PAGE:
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Mick Hume

Here is the unhappy news

When top BBC newsreader Martyn Lewis first argued that tele-vision should broadcast less bad news and more 'happy news', it was treated as a bit of a joke by media insiders. But it is not funny.

The emphasis on 'happy news' is the fashionable face of censorship; not the crude bans of a police state, but the more subtle process of controlling the way in which information is presented. And enthusiasm for 'happy news' is not the preserve of a middle-aged school prefect like Lewis. It is becoming official BBC policy, and being taken on board by broadcasters everywhere.

Lewis made his original call for a change in the way news is broadcast back in May, when he told American journalism students how, with 'depressing regularity', viewers asked him, 'why is the news so gloomy? Why don't you give us more good news?'.

By August, senior figures from the BBC were telling the Edinburgh International Television Festival that Lewis was essentially right. In future the news, said Sir Graham Hills, BBC governor for Scotland, should 'give a better view of the world we live in'. Tim Orchard, editor of the BBC's One O'clock News, assured delegates that the corporation had effectively begun to implement the 'happy news' policy, by scaling down the violence in news bulletins.

Lewis himself has been keen to dismiss claims that he wants the news to be filled with cute stories about cats and dogs (although he is less keen to mention his authorship of a compilation of those Rantzenesque 'and finally...' bits from the end of evening news bulletins). He says that issues like the war in Bosnia should remain high on the news agenda, but that broadcasters must also accentuate the positive stories.

All of which may sound unobjectionable to some. And indeed, the idea of playing up the positive news might be fair enough if we lived in a positive, forward-looking society. But what can the notion of more 'happy news' mean in the context of today, when we are in the middle of an economic slump and the world order is breaking down in conflict from Bosnia to Somalia?

What can the notion of more 'happy news' mean in an age of depression where wage cuts are two-a-penny in Britain or America, and in Africa life is even cheaper than that. Against such a background, pointing up 'happy news' must mean playing down the problems of international capitalism. Stripped of the smiles and the viewer-friendly presentation, 'happy news' serves as subtle propaganda protecting the interests of those who own and control society today.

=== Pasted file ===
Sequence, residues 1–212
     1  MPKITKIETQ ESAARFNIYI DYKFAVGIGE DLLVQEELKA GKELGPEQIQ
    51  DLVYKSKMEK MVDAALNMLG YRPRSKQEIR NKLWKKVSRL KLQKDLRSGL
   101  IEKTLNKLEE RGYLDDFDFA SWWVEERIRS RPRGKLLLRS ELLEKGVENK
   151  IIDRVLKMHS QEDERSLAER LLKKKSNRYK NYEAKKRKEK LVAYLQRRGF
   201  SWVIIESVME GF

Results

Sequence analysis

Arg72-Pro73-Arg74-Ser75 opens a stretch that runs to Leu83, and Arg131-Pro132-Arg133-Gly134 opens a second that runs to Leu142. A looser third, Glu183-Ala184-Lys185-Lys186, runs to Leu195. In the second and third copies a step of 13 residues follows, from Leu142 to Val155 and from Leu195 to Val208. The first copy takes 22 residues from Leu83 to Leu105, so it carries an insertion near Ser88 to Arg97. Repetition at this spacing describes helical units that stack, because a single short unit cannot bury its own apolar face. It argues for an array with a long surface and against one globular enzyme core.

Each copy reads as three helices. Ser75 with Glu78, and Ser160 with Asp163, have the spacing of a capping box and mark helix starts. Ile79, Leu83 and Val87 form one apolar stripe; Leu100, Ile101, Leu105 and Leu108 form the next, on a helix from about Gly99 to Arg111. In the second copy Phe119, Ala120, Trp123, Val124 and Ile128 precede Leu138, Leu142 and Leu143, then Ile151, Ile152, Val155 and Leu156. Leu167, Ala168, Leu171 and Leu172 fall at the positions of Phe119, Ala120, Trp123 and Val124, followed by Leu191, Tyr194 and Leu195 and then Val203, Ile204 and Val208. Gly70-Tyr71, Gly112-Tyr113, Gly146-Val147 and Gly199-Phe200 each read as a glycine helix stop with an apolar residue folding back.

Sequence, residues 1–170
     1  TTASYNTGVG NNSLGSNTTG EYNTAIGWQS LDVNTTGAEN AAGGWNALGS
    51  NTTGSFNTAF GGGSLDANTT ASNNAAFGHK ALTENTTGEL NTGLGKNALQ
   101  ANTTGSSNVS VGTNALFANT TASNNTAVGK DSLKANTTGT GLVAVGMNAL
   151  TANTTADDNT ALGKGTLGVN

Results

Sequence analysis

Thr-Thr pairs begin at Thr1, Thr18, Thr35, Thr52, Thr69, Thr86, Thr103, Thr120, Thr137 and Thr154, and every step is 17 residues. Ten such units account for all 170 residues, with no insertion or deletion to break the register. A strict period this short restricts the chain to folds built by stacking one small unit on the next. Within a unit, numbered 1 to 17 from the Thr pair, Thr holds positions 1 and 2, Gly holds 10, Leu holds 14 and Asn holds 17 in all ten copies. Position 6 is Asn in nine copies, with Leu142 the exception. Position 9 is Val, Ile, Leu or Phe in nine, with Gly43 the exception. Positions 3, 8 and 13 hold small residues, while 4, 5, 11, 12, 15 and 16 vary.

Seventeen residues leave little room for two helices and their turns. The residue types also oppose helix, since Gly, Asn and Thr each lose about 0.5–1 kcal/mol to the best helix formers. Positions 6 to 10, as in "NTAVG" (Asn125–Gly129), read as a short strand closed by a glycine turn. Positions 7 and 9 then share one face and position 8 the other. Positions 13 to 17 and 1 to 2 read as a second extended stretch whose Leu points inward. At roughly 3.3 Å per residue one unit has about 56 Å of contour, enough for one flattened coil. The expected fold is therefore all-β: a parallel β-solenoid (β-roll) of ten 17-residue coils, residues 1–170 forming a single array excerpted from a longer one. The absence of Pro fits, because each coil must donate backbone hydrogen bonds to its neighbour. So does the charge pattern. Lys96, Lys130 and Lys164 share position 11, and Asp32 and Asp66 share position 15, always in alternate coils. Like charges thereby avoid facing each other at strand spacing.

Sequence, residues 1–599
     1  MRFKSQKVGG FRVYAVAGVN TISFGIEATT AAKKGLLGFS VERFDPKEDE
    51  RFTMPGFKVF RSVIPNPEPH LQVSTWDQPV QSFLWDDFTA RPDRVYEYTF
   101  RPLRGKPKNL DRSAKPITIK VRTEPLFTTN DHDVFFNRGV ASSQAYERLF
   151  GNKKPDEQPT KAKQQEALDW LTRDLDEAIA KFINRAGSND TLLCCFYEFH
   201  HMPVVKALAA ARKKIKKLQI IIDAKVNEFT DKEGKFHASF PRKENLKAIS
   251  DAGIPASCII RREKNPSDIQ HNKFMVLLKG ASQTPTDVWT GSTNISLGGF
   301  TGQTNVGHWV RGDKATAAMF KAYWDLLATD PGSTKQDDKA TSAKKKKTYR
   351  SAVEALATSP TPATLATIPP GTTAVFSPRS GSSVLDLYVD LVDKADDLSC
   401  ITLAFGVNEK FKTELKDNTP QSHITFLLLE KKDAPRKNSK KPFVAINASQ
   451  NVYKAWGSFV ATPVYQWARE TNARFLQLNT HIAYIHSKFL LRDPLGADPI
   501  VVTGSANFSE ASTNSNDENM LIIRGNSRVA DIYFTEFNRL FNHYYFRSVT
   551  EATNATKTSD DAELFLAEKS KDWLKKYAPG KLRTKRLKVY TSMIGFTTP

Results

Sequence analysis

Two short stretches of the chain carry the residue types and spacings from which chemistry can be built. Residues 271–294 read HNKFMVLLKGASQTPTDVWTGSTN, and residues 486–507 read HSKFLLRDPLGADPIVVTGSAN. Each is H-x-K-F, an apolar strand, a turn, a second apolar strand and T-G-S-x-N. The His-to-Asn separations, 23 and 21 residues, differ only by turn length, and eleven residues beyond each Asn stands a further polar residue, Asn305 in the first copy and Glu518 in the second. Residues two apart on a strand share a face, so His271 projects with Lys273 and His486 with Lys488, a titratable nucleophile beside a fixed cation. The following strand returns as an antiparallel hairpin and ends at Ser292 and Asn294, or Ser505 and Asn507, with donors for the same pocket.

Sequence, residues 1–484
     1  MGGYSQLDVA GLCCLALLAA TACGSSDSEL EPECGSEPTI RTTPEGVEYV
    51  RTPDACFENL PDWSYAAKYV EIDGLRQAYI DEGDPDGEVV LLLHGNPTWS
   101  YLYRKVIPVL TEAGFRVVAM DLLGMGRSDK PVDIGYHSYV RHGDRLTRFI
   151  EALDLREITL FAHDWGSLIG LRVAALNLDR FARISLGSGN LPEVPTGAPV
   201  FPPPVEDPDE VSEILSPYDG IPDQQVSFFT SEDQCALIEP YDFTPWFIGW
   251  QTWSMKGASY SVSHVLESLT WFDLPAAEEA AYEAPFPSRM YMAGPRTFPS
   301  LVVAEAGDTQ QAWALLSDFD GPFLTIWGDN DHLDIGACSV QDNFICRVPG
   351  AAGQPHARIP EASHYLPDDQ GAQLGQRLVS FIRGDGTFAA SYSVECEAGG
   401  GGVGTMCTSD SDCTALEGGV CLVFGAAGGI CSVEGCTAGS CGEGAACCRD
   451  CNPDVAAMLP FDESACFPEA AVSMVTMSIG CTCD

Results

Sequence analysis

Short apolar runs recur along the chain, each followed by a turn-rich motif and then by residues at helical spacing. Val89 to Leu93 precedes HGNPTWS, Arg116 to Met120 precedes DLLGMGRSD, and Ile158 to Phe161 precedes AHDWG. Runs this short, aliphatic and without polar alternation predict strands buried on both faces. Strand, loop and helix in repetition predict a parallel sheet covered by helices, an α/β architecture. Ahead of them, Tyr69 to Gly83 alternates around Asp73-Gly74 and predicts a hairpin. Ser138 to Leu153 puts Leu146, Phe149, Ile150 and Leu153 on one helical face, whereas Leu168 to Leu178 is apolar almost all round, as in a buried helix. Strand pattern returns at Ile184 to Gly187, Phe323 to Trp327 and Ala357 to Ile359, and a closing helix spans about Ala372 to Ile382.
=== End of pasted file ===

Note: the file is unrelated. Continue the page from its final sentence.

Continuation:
Take the examples of 'happy news' which Martyn Lewis offered, in his original speech back in May, as the kind of stories which ought to be given more high-profile coverage. Among other stories, he mentioned the fact that a car manufacturer had announced record profits, the fact that British Aerospace had won a new order, and a report that EC finance ministers had been talking up the prospects for the European economy.

These reports read like a pile of corporate press packs, the sort of puffed-up bumpf which is normally the preserve of hired company guns from the public relations industry. Elevating such pieces of soft soap into major items of hard news is far more serious than reporting on trivia like dancing dogs and singing cats.

When Lewis calls for more emphasis on the good news from the car or aerospace industries - the rise in profits for the directors and shareholders - he is also saying that we should hear less about the boring old 'gloomy' news: the big job losses, wage cuts and shopfloor speed-ups on which those new profits are based.

And when Lewis suggests that news broadcasts should give more prominence to positive statements from European economics ministers, he is also implying that they should play down the negative aspects of EC capitalism: like the little matter of a continent-wide recession and about 17m officially unemployed.

Seen through the smiling eyes of Martyn Lewis, the world of television news becomes a virtual reality zone, where the colours are a little brighter and the people a little happier than in the real world, where we live. And if our experience of life in this society does not quite correspond to the images we see on television, the message of 'happy news' is that it must be our own fault, since other people (like motor corporation directors and EC ministers) clearly have good things to shout about.

In August, while top BBC executives and governors were announcing their conversion to the 'happy news' formula, Lewis was warming to his theme of the need to focus more on the few success stories in society today. 'We categorise, for example, young people as joyriders and criminals', he complained, 'while there are not many stories about young people winning top awards and really achieving things in life'.